Baroness Angela Burdett-Coutts was a philanthropist. The granddaughter of Thomas Coutts, who founded the banking house Coutts & Co, on inheriting his fortune she became one of the wealthiest women in England. Among her charitable acts was co-founding a home for women who had turned to “a life of immorality”. She was also co-founder of the London Society for the Prevention of Cruelty to Children. In 1871 she was the first woman to be created a baroness in her own right.
When did you first hear about Angela Burdett-Coutts?
A while ago I went to a charity event at Coutts Bank in London, where I saw a picture of her and was told she had been a friend of Charles Dickens and had funded some of his charitable projects.
What kind of person was she?
She had a strong feeling that her wealth could make a difference. She liked clever men: she was a friend of Disraeli and Gladstone, as well as Dickens. Dickens dedicated one of his books to her, and drew her attention to a very unpopular cause at the time – helping ‘fallen’ women. Burdett-Coutts also supported other vulnerable women and was known as the ‘Queen of the Poor’.
She doesn’t seem to have minded going against Victorian conventions: having rejected a number of proposals, at the age of 66 she married her 29-year-old American secretary.
What made her a hero?
Her philanthropy and her wide-ranging vision. She seems to have filled every waking hour with supporting good causes – from helping to train destitute boys for naval service to scientific research. Unlike many rich people who spend their life protecting their wealth, she did the opposite. It’s estimated she gave away around £350m in today’s money. I also love the fact that her husband was less than half her age, and that she married him even though, because he was American, she forfeited most of her income under the terms of her stepgrandmother’s will.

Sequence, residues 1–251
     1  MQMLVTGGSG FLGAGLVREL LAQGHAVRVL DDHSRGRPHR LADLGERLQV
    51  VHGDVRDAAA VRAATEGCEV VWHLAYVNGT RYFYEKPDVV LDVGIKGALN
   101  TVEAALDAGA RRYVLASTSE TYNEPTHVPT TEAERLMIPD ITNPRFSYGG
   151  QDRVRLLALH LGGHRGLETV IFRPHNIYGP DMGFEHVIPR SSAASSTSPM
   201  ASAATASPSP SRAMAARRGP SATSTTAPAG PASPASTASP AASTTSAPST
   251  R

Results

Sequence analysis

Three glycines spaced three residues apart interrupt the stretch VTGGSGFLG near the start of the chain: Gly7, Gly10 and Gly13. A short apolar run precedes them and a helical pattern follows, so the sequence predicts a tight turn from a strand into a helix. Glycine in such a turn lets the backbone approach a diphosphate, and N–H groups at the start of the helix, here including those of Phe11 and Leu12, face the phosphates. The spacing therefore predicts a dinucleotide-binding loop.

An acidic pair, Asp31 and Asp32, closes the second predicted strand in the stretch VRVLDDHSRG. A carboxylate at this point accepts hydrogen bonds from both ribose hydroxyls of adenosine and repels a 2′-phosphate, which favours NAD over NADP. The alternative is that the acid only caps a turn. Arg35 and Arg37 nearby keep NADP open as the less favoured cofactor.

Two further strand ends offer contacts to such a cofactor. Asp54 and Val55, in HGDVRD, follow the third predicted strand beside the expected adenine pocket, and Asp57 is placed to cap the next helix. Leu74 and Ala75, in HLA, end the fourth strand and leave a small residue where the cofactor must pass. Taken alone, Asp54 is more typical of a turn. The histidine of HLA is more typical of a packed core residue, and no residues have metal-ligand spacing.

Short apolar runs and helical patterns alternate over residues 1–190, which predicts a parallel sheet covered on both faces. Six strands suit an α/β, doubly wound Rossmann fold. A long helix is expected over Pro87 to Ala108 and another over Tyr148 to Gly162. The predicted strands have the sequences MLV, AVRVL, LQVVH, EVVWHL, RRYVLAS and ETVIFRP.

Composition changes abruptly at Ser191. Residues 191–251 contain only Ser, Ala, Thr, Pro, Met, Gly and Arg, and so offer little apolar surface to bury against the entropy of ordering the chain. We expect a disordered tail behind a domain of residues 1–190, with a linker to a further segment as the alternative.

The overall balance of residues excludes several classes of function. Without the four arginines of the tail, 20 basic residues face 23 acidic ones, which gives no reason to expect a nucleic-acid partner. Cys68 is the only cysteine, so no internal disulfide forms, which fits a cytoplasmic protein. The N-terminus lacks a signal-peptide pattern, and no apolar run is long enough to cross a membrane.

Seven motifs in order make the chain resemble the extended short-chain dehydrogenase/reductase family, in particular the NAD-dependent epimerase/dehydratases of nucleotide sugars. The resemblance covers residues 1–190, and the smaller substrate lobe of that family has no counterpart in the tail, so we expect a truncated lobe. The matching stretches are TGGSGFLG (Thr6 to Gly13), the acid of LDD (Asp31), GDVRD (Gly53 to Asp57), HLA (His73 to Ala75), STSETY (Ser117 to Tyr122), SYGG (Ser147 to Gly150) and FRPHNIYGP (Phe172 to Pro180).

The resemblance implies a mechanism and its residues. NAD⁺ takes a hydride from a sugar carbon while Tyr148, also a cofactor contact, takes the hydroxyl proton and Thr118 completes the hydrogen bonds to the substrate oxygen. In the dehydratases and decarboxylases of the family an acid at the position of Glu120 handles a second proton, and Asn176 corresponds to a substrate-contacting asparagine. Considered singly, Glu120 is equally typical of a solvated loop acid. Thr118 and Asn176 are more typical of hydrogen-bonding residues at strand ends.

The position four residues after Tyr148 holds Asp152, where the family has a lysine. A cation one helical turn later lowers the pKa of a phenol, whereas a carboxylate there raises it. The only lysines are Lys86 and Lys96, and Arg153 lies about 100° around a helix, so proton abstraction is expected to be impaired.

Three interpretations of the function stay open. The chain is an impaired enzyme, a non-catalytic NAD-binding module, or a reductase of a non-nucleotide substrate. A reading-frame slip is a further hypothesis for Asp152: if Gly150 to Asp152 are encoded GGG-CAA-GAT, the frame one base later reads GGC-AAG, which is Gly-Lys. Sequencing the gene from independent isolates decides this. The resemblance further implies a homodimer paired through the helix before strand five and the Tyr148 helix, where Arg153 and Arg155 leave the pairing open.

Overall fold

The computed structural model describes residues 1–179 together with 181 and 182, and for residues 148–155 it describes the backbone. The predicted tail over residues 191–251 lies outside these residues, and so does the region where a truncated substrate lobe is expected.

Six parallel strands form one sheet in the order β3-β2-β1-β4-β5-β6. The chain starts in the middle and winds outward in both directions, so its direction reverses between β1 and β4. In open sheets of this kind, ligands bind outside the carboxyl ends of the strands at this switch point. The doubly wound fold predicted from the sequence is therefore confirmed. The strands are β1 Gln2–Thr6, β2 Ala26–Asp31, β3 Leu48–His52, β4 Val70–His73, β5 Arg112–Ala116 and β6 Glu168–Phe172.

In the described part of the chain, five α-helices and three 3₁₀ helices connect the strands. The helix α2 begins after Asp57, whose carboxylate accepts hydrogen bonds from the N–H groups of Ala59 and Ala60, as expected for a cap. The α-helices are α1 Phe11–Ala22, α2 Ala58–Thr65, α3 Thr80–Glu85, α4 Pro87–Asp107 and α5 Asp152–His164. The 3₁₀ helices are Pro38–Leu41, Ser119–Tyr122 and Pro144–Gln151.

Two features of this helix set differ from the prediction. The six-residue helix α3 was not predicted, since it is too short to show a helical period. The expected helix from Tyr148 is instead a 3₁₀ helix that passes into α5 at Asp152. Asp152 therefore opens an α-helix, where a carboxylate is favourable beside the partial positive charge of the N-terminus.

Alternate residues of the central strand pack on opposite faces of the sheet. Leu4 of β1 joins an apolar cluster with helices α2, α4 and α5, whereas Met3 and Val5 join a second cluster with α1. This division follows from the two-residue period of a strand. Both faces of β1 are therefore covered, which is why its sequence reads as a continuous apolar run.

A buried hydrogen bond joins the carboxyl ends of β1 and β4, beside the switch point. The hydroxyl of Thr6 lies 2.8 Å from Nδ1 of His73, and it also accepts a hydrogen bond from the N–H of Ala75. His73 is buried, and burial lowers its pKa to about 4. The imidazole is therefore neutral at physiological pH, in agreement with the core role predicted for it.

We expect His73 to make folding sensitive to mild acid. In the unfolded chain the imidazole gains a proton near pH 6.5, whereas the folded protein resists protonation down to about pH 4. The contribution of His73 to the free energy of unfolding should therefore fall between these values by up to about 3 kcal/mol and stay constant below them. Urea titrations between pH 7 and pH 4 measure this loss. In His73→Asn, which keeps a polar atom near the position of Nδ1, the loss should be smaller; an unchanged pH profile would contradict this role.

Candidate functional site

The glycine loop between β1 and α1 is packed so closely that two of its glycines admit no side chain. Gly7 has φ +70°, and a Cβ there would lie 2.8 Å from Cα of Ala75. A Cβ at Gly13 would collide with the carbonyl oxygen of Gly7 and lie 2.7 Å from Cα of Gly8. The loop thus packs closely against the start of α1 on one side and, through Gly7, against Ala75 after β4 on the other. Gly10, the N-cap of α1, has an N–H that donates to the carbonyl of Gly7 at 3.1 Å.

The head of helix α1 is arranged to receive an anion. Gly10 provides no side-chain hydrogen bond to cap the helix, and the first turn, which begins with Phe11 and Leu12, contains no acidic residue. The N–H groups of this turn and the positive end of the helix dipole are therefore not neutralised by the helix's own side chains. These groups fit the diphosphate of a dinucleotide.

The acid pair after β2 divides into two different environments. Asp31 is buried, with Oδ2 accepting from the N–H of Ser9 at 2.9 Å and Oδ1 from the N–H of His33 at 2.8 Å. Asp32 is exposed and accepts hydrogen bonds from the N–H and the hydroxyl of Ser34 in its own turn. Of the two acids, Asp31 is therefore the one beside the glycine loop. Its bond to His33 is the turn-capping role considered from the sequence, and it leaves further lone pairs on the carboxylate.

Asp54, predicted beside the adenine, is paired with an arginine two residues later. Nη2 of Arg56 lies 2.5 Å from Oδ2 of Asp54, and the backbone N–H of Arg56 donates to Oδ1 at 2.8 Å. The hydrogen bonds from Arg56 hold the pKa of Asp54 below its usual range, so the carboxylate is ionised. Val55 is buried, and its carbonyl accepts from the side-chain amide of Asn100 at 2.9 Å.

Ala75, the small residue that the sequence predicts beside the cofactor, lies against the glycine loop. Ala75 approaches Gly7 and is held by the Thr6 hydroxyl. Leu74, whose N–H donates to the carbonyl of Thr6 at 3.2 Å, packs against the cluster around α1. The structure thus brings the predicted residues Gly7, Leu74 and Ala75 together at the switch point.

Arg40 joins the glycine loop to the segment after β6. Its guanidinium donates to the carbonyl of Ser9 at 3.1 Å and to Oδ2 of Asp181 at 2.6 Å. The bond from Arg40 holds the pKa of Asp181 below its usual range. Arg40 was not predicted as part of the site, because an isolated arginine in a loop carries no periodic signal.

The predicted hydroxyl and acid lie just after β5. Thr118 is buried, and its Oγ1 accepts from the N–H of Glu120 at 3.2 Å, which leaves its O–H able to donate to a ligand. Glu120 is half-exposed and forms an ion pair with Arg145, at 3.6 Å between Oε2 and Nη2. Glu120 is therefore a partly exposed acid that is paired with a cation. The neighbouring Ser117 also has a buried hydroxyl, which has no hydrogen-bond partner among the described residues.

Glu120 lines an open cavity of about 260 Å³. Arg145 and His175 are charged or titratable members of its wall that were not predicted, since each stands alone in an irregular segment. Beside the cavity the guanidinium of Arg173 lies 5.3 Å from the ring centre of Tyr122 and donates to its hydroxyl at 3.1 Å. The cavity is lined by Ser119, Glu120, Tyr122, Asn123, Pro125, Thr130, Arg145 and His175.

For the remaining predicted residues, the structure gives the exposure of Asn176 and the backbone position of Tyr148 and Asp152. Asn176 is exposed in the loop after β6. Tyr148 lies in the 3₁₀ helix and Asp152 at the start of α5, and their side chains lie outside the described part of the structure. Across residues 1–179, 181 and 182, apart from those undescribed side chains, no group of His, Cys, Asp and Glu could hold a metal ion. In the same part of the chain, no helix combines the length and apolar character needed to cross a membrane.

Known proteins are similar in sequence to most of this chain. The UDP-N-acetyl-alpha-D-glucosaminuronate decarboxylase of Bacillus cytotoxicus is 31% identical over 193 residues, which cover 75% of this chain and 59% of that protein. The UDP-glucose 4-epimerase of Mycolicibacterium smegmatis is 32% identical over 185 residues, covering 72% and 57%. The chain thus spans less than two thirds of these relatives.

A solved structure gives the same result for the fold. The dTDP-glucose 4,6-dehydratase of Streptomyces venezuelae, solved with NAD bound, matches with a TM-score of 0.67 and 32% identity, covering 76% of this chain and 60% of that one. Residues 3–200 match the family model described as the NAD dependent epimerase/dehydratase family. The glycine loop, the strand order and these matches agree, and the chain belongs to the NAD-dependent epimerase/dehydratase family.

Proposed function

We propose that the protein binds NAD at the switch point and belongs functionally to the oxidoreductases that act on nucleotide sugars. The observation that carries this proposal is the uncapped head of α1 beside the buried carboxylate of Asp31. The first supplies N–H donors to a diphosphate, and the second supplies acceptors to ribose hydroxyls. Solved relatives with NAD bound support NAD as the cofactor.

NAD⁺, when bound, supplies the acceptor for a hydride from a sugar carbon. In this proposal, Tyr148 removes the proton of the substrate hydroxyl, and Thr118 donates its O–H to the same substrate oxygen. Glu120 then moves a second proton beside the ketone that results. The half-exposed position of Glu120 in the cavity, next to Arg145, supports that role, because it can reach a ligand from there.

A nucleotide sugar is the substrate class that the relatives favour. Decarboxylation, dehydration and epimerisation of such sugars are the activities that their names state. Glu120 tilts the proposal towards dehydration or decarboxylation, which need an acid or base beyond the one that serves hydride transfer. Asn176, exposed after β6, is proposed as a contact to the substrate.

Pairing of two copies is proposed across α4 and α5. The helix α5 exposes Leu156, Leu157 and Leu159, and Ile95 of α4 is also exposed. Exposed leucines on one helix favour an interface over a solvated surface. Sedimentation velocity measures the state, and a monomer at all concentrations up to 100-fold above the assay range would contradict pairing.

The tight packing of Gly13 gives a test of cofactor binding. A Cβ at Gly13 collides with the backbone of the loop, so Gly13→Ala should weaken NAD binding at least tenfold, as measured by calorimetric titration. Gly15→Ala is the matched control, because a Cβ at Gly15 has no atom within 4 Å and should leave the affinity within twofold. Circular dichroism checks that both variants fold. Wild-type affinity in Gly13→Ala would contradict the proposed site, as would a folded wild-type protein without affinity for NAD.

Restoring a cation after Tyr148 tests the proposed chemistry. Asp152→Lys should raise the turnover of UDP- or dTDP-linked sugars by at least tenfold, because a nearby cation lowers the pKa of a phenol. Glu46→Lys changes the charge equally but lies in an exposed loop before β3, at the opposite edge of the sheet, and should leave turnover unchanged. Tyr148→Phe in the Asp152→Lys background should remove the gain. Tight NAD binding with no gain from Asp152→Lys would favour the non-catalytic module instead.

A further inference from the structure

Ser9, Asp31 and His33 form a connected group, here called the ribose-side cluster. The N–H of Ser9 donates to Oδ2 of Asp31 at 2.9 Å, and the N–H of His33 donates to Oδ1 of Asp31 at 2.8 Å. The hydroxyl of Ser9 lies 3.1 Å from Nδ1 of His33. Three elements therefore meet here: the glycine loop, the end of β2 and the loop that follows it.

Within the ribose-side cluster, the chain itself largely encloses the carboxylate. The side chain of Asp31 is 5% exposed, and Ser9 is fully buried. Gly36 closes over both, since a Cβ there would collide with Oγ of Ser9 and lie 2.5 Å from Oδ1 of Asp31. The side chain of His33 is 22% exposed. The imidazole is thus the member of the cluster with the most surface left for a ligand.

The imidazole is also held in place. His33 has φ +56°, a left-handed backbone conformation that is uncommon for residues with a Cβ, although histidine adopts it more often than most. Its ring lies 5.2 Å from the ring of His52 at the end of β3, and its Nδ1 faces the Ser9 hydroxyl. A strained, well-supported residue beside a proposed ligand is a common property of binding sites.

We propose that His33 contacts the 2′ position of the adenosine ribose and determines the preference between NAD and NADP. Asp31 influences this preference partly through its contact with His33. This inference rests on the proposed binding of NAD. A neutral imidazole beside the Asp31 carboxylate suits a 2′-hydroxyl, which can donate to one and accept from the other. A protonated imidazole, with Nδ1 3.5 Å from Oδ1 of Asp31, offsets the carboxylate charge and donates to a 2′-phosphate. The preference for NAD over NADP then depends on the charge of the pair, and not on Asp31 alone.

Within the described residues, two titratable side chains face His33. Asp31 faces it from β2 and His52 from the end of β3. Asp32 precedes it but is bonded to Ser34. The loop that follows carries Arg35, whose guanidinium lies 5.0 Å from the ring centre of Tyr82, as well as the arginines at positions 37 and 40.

What was her finest hour?
Helping to found the London Society for the Prevention of Cruelty to Children, which became the NSPCC. So many children were treated terribly in Victorian Britain and were put to work in mills and factories, sent up chimneys or made to commit crimes like Dickens’ Oliver Twist.
Is there anything you don’t particularly admire about her?
She became president of the British Goat Society – and I cannot bear the creatures. They are so destructive: they eat everything. The Sahara has been blamed on goats – it’s said that they ate all the vegetation, in effect turning great swathes of Africa into a desert.
Can you see any parallels between her life and your own?
No. She achieved infinitely more than I ever have. But, like her, I have tried to make a difference by setting up Childline [a free 24-hour counselling service for children] and The Silver Line [a free 24-hour counselling service for older people].
Does she deserve to be better remembered?
Yes. Terry Pratchett put her in one of his novels [Dodger], because he wanted his readers to know about her, but even though her grave is in Westminster Abbey I had never heard of her until I made that visit to her family bank.
If you could meet her, what would you ask her?
I’d ask her which of the charitable causes she supported had touched her heart the most, and how she felt about the shock and scandal that her marriage to a much younger man sparked in Victorian England. I imagine it might have amused her. Esther Rantzen was talking to York Membery
Esther Rantzen presented the long-running TV show That’s Life! from 1973 to 1994. She also founded Childline and The Silver Line. For details of the Esther Rantzen: That’s Life UK Tour visit dameestherrantzen.com.